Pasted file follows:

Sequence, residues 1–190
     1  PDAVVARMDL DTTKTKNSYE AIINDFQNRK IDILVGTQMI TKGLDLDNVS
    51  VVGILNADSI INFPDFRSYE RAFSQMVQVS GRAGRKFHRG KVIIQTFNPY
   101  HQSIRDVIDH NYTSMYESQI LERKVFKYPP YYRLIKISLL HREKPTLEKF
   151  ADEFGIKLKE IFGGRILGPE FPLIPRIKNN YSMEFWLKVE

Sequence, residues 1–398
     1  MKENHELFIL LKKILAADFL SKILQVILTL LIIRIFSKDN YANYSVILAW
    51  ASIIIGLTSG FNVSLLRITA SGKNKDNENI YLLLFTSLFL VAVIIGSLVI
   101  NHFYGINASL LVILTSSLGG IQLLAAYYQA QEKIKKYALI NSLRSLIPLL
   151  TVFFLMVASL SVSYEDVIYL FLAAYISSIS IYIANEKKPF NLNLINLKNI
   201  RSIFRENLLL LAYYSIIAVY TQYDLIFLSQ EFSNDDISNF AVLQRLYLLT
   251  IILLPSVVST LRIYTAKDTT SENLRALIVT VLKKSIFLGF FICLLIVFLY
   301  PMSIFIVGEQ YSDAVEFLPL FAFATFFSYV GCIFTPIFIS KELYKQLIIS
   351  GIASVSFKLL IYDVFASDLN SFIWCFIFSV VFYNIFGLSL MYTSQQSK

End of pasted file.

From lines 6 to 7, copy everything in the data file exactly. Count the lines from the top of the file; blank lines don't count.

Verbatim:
Sequence, residues 1–398
     1  MKENHELFIL LKKILAADFL SKILQVILTL LIIRIFSKDN YANYSVILAW